What Will 2016 Bring?

Laura M. Porinchak / December 2015

With a little help from our contractor friends, we have jammed this issue of AWCI’s Construction Dimensions with lots of economic and business information to prepare you for what’s ahead in 2016. The general consensus seems to be that the wall and ceiling industry has turned the corner and economic recovery is spreading across the land, but the big question is how we’re going to complete any business without anyone to do the work.
    
For the article that begins on page 34, we spoke with contractor members of the Association of the Wall and Ceiling Industry about what we can expect in 2016. Sure, the economy was a point of robust conversation, but they also discuss everything from how the competition has changed now that the recession has ended, to how architects may have changed the way they work. Current and future trends along with a look deep into the crystal ball to see when (if?) it will all end (or get even better?) are also part of the discussion.
    
We delve a little deeper into the various regions of the United States in the article you’ll find on page 54. Those who provided the information for this article are also AWCI member contractors, but this group is only the AWCI board of directors. Like many others, they also are seeing fuller backlogs and manpower shortages, but they’re also dealing with self-performing general contractors who took to drywall during the recession and have apparently decided to keep moving in that direction. Building trends and prominent regional jobs are also topics of discussion.
    
Then take a look at the article on page 48; it’s a wrapup of an economic forecast hosted by the National Association of Home Builders. The forecast featured notable industry economists and experts who paint a pretty good picture for the industry in 2016, but they do note that it won’t be stress-free or without challenges. You’ll have to read the article to find out what those challenges are.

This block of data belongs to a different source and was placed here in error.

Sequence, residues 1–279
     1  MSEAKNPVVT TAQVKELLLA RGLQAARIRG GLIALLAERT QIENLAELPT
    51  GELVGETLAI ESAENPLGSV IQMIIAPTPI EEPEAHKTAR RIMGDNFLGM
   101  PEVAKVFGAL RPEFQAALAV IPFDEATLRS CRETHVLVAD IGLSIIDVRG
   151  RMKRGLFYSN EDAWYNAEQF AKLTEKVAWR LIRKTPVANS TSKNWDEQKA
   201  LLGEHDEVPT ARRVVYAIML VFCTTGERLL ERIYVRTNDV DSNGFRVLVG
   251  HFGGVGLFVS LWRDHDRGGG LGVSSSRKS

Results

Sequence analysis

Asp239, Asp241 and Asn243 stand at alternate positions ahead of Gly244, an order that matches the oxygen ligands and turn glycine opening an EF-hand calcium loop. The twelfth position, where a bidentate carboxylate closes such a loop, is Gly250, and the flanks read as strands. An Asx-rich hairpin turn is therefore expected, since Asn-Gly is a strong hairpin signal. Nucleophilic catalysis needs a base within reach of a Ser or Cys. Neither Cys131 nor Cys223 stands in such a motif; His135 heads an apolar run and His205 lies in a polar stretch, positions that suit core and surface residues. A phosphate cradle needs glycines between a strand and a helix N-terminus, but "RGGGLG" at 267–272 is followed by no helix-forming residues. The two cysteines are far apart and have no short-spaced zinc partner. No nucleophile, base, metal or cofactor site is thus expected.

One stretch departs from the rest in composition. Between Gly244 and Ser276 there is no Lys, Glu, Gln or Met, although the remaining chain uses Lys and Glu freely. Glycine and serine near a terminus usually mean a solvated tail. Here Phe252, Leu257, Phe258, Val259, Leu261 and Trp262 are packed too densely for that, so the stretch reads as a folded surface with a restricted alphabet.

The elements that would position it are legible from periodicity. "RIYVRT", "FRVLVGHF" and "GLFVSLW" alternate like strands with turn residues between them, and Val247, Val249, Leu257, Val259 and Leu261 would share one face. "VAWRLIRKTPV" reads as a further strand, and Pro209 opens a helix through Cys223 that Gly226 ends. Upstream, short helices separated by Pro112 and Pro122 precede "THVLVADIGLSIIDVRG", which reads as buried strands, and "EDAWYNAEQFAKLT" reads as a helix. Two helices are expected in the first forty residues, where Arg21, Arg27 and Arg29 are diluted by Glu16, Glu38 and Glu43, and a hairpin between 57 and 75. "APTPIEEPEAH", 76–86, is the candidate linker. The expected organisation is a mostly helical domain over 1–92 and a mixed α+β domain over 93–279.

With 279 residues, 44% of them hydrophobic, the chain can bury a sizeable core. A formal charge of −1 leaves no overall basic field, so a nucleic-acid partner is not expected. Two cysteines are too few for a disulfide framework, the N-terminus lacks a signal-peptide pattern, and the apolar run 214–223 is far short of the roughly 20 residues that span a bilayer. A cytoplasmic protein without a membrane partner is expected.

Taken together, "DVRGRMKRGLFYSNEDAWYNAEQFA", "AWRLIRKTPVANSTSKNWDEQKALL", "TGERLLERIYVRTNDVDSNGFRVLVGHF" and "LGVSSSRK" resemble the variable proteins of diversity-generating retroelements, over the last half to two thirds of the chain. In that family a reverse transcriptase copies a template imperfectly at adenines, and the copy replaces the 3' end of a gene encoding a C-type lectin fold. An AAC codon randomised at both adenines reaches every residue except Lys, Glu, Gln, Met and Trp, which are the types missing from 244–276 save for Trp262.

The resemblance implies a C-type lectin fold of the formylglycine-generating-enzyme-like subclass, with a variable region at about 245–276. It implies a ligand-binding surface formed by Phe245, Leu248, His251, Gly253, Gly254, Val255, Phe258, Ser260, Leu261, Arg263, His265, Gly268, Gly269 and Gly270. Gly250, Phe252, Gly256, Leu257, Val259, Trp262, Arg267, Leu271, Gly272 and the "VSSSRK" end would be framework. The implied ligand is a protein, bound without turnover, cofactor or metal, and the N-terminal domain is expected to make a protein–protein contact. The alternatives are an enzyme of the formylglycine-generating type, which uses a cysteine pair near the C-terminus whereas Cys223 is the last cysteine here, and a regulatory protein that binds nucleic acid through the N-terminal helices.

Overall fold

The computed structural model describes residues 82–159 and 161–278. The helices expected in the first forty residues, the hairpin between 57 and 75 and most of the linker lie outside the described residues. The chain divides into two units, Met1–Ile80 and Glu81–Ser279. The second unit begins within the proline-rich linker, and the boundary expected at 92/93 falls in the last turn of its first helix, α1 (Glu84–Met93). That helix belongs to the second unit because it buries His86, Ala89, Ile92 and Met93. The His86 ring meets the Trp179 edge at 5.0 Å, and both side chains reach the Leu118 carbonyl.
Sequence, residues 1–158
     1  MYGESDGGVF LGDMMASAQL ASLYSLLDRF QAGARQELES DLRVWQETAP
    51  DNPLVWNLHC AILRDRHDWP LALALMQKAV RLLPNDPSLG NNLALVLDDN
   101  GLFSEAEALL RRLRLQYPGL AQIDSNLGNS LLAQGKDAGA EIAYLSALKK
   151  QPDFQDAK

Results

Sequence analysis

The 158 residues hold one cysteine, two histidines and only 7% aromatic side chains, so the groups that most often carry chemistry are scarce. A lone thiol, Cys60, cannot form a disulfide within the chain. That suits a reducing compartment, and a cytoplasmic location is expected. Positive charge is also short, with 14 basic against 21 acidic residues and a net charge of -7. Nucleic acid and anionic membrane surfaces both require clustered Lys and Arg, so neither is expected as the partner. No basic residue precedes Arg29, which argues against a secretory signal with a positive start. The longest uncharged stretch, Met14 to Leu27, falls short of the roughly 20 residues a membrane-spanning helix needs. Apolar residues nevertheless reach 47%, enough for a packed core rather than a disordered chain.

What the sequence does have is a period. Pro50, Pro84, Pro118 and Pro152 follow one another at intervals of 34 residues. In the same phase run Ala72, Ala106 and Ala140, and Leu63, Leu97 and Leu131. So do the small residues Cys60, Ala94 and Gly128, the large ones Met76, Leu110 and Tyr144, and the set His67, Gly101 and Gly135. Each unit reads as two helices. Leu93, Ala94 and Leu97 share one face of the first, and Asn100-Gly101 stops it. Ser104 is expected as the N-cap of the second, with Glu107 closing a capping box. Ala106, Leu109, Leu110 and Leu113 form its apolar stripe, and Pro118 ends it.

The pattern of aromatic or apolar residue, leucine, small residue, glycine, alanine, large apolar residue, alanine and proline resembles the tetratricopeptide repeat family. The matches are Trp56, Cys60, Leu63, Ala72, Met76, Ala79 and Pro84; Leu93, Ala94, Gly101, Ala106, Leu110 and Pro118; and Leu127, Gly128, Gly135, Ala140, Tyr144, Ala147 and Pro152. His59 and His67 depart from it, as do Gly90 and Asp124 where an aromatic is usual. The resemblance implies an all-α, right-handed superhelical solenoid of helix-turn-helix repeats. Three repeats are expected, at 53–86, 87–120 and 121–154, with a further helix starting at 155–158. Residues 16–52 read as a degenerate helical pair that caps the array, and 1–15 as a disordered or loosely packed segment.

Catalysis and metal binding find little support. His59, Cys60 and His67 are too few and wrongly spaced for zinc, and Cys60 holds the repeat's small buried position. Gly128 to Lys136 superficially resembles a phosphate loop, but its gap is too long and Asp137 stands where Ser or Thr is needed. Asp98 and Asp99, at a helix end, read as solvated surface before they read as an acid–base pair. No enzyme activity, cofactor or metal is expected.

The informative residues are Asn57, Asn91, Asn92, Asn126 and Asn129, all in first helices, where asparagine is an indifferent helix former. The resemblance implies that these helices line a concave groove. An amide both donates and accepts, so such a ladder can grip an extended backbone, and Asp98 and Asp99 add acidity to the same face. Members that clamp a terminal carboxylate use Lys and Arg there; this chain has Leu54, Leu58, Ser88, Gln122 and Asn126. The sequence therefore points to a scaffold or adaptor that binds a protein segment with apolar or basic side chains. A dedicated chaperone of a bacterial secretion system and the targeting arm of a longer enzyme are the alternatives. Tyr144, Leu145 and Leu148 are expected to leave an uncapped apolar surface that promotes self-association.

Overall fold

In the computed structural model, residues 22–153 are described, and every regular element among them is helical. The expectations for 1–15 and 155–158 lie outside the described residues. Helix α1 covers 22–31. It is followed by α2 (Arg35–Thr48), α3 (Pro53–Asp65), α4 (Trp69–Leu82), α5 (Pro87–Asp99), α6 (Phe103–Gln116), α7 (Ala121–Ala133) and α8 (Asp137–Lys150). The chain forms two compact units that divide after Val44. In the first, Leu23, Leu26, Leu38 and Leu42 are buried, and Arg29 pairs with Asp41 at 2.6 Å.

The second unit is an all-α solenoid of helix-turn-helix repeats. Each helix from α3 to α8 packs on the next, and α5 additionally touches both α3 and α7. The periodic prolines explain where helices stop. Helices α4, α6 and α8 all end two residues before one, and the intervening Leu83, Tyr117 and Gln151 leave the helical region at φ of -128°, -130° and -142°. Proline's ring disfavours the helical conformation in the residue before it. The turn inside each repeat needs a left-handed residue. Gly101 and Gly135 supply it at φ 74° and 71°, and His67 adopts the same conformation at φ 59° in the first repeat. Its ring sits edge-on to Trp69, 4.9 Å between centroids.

As for the manpower shortage, I am hearing more frequently that women may be what’s needed to fill the gap. Many of you mentioned labor as the number-one problem facing our industry in 2016 (see this month’s “Problem Solved” on page 84), so let’s open our minds and accept the fact that sometimes a woman just might be the perfect “man” for the job.

I must now break from the “What’s Inside” info to make a deeply sincere public apology to my friend, Tim Wies. I’ve known Tim for many years, and I know where he works without having to look it up. Yet for some reason, in last month’s issue I got it wrong—so wrong that I repeated the error three times. I picked up the wrong piece of information and then went to “Cut & Paste Hell.” There’s no excuse.
    
Names and affiliations are very important, and it is especially important to get them right in print. That’s Journalism 101. Without excuse or reason, I broke that rule last month, so I correct it here and now:

Award-winning Timothy J. Wies is president of award-winning TJ Wies Contracting, Inc. in Lake St. Louis, Mo.
    
You can visit their website, www.tjwies.com, to see the fantastic work they do.

As with any job, there will always be challenges, but after reading this magazine I hope you agree that there won’t be as many challenges in 2016 as there were in 2015. I look forward to sharing the upcoming good times with you.